Eward and Breen are conducting cross-species genomic analysis and drug screening, utilizing a mouse-to-dog-to-human platform that they believe is “one-of-its-kind.”
“Not only are we the only place that I know of that has canine PDx , we have this whole pathway than can take sarcomas from either species and test them from cells to patients,” said Eward. “This is a strong collaboration and getting stronger thanks to this C30 funding. We’ve been able to go from talking about things we would like to do to actually getting in gear and doing it.”
Breen and DCI surgical oncologist Brant Inman, MD, MS, meanwhile, were funded for their work examining whether environmental influences genetically affect people and dogs similarly; particularly in the development of bladder cancer, a highly mutated cancer that’s extremely responsive to immunotherapies.
They are sequencing bladder cancer genomes in dogs and humans and looking for carcinogen-induced mutational signatures. The team is currently working on sequencing six specific mutagens found in the environment — in tobacco, pesticides and water.
Other symposium highlights included advances in immunotherapy for brain tumors and implications for dogs (DCI-John Sampson, MD, PhD, MHSc, MBA); human B cell immunotherapies and the potential for “canine-izing” them (DCI-Thomas Tedder, PhD); PD-L1 expression and signaling by tumors and myeloid cells in mice vs. dogs (Colorado State University-Steven Dow, DVM, PhD); and the development of a DNA vaccine for melanoma and other spontaneous cancers in dogs (Philip Bergman, DVM, MS, PhD, VCA Clinical Studies).
Symposium participants agreed that, moving forward, the vital scientific work of the consortium would only be sustainable and expandable with next-level education and engagement of pharma, biotech, government, foundations and philanthropy.
“The reason we are funding this innovative research is not only for its product but because of the hope that it will represent a bridge to new competitive funding,” said dean of the College of Veterinary Medicine at NC State Paul Lunn, BVSc, MS, PhD, MRCVS, and consortium co-founder.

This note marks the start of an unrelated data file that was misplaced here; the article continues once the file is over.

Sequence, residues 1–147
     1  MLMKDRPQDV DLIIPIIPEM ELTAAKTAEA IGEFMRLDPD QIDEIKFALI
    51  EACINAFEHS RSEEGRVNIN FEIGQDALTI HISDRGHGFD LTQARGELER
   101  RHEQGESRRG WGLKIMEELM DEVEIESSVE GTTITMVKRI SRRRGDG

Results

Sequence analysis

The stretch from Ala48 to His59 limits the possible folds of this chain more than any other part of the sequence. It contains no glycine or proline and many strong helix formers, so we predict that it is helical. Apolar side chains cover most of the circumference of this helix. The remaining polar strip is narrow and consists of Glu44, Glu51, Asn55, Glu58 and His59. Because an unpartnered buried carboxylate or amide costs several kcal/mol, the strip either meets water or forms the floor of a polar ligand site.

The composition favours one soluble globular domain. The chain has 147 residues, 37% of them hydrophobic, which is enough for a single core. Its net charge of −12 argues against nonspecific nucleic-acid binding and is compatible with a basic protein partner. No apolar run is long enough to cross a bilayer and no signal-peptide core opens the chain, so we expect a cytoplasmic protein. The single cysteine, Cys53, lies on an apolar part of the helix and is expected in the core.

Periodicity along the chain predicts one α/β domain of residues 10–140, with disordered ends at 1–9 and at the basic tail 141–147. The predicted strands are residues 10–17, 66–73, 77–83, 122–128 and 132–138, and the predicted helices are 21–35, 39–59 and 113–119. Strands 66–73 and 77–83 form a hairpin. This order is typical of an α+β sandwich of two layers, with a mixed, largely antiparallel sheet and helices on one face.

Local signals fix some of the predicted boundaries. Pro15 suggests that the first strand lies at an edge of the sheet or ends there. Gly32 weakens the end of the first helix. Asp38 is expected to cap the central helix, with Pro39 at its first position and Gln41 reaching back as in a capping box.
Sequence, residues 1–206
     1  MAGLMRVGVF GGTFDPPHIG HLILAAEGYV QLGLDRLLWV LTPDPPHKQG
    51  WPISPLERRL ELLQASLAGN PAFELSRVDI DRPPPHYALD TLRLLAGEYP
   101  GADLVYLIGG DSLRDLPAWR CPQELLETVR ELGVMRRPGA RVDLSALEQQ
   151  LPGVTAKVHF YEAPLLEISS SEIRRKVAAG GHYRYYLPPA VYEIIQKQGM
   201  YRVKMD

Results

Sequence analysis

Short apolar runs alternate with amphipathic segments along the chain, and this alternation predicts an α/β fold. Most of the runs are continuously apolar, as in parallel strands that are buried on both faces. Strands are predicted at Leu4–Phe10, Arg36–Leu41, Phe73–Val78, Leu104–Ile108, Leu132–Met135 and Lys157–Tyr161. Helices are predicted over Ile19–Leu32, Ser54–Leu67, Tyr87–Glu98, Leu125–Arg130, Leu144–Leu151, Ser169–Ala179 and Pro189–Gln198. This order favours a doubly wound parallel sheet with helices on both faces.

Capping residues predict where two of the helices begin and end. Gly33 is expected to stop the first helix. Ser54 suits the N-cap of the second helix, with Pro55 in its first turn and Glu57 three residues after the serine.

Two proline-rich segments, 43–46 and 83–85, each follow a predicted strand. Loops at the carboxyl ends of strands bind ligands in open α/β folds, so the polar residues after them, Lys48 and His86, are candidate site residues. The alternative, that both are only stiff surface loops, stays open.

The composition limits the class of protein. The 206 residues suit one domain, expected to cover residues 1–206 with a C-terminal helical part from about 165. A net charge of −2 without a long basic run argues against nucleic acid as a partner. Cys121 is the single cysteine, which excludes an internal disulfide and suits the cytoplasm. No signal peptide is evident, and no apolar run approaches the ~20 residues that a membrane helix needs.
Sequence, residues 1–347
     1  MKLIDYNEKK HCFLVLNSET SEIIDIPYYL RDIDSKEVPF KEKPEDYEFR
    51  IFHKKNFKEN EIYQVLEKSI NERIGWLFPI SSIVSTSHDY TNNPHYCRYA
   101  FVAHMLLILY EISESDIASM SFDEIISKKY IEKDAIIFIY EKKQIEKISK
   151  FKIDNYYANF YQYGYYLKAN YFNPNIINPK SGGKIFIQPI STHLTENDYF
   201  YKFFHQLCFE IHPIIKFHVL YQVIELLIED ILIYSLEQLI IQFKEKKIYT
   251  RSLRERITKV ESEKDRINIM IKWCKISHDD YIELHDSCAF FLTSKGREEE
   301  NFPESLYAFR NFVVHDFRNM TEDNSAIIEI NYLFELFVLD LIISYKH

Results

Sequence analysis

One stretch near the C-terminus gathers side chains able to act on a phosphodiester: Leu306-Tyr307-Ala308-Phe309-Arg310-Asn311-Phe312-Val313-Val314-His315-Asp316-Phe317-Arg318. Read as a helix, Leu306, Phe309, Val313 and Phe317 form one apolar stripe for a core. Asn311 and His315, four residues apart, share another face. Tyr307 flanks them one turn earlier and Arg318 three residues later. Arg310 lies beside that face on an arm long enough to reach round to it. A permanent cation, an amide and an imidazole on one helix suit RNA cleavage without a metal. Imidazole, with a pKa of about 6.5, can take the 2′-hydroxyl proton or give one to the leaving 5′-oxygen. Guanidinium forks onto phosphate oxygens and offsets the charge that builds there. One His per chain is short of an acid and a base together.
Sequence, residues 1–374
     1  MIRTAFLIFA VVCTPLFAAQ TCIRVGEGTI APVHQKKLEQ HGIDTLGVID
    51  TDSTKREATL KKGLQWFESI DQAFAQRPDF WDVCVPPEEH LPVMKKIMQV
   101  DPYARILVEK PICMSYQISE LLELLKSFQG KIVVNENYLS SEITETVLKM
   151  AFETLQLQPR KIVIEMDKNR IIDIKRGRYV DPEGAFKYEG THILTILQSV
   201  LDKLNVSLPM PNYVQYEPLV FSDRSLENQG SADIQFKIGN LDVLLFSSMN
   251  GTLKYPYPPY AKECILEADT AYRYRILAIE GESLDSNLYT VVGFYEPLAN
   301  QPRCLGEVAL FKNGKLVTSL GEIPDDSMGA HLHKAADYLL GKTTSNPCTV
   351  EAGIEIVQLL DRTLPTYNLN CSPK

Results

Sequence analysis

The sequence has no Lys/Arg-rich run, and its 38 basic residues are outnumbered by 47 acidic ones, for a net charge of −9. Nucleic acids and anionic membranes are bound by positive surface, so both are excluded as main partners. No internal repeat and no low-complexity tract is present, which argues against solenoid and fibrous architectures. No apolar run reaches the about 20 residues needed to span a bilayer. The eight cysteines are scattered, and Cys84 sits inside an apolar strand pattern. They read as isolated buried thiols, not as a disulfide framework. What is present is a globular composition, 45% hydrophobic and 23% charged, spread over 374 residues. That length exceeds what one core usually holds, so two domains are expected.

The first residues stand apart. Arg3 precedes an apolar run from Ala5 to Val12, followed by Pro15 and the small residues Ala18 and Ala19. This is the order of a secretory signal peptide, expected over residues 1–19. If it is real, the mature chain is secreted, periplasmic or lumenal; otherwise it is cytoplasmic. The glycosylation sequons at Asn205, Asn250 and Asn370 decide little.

Mark Dewhirst, DVM, PhD, vice director for basic science at Duke Cancer Institute, whose been involved in the canine comparative oncology field for most of his 35-year career, said he was pleased that this year’s symposium got “more granular” about the canine model and forced the group to consider how best to advance and market that model to the greater oncology community.
According to Dewhirst, many cancer patients are already sold on the idea of how they and their pets can be helped by this collaborative research.
“I think the cancer patients who know about it and know what it can offer are really very encouraged by what we can do,” he said. “I’ve had many clients in my career who were both cancer survivors and had pets with cancer and they truly understood what the pets could do to help them and other people with that same disease.”
The second annual Joint Institution Funding Opportunity, up to $100K per project, is being offered for pilot projects in canine comparative oncology that will translate laboratory discoveries into diagnostic, prognostic, or therapeutic applications. The submission deadline of May 1. To learn more, visit C3O.
“The Answer to Cancer May Be Walking Right Beside Us,” a documentary produced by Colorado State University and Rocky Mountain PBS, will air nationally on public television stations starting in April 2017. The documentary features CSU's Rodney Page, DVM, MS, and DCI's Michael B. Kastan, MD, PhD, among other researchers. Consult your local listings to find the air date and watch the trailer for the documentary.